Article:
At a Feb. 14 luncheon in New York City, five individuals and three organizations were named 2002 grant recipients from the Jonathan Larson Performing Arts Foundation. Their collective musical talents and tastes, as well as their demographics, represent as diverse a group of winners as the late, much revered "Rent" writer might have wished for. The five individuals include Debra Barsha, Peter Jones, Julia Jordan, Michael Korie, and Peter Mills; the three organizations include The Lark Theatre Company, Page Seventy-Three Productions, and the Arlington, Va.-based Signature Theatre.
Composer/lyricist Barsha is currently working on "Radiant Baby," a revue-style salute to the late artist Keith Haring, slated to make it's Public Theater bow this fall. (Ira Gasman, late of "The Life," is Barsha's co-lyricist.) A six-time winner of the ASCAP Popular Songwriter's Award (1995-2001), Barsha has also written "Sophie," produced by Jewish Repertory Theatre, and a solo show, "Go To Your Womb."
Composer/lyricist Peter Jones, who was once more recognized for being Stephen Sondheim's significant other than for being a musical theatre artist in his own right, recently wrote and directed "One and One Make Two," a musical two-hander. Jones is also the creative force behind the long-gestating musical version of "Peyton Place," several songs of which appeared in "Numbers," a 1999 revue of his material, which played several performances at Irish Rep.
Librettist/lyricist Michael Korie--whose "Doll" won him a Kleban Award, who co-wrote the opera "Harvey Milk," and whose "Meet Mister Future," a musical about the 1939 World's Fair, is in development at Manhattan Theatre Club--is, with composer Ricky Ian Gordon, currently writing the libretto for "The Grapes of Wrath.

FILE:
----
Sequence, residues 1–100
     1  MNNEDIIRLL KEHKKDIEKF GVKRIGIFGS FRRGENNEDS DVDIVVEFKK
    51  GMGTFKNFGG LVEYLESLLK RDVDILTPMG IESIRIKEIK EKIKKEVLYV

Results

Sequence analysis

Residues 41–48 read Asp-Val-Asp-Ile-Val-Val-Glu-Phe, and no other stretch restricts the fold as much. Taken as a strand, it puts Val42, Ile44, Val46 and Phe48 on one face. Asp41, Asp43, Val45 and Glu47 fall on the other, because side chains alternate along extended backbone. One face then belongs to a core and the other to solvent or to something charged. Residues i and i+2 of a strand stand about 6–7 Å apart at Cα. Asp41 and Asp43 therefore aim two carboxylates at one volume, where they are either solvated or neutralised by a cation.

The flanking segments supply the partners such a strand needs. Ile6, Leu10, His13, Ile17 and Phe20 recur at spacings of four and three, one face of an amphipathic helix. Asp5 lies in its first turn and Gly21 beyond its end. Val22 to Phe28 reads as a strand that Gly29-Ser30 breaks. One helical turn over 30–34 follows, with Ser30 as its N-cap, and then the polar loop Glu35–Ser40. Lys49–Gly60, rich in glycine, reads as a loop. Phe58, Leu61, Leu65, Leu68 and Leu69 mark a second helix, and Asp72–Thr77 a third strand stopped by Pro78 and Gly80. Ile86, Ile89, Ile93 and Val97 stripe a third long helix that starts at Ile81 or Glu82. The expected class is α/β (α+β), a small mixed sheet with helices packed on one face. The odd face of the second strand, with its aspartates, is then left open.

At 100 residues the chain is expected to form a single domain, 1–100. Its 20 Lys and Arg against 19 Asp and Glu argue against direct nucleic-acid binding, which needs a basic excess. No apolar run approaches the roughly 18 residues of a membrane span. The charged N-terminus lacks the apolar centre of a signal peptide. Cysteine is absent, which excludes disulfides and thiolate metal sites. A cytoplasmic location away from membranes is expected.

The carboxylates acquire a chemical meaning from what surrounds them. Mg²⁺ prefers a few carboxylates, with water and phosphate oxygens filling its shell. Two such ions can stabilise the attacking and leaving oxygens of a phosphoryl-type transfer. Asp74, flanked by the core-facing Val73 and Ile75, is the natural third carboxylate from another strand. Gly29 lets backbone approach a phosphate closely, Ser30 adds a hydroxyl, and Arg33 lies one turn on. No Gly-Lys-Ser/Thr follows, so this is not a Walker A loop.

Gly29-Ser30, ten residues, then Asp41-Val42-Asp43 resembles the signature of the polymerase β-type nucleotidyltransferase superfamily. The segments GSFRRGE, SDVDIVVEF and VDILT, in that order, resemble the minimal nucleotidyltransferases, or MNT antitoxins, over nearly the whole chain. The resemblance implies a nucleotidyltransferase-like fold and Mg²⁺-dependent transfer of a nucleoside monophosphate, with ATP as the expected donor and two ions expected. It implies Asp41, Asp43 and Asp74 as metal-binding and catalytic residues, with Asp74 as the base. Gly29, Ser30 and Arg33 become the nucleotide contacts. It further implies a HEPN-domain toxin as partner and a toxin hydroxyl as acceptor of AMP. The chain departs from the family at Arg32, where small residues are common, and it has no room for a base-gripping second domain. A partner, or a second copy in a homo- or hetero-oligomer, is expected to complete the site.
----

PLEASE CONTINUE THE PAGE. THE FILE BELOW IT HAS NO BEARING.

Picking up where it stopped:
In addition to triple-threat composer/lyricist/librettist Peter Mills ("The Taxi Cabaret," "The Flood"), the Foundation also doled out its first-ever award to a librettist: Julia Jordan, whose "Mice" forms one-third of the New York-bound "3hree," directed by Hal Prince. Jordan also received an honorable mention from the Susan Smith Blackburn Prize committee.
All five recipients received "unrestricted cash grants" of between $4,000 and $15,000. The three organizations received $2,500 apiece.
Larson grants are determined by the foundation's staff, headed by Executive Director Nancy Kassak Diekmann, the foundation's board of trustees (including "Rent" co-producer Kevin McCollum and actor Jesse L. Martin), and a specially selected "expert panel." The goal of the awards is tied to foundation's mission: "to provide encouragement and financial assistance to composers, lyricists, book writers and other creative artists as well as nonprofit producing companies." A priority is given in particular to individual creative artists working in musical theatre.
The deadline for the 2003 Larson awards is Sept. 10. Individuals may apply, by mail or online, for general support for the ongoing development of their work, or for support for a particular project. Collaborators who work together regularly may also apply as a team. Organizations may apply for either project or general support.
For more information, contact the Jonathan Larson Performing Arts Foundation, P.O. Box 672, Prince St. Station, New York, NY 10012, or call (212) 529-0814, or e-mail . The foundation's website is www.jlpaf.org.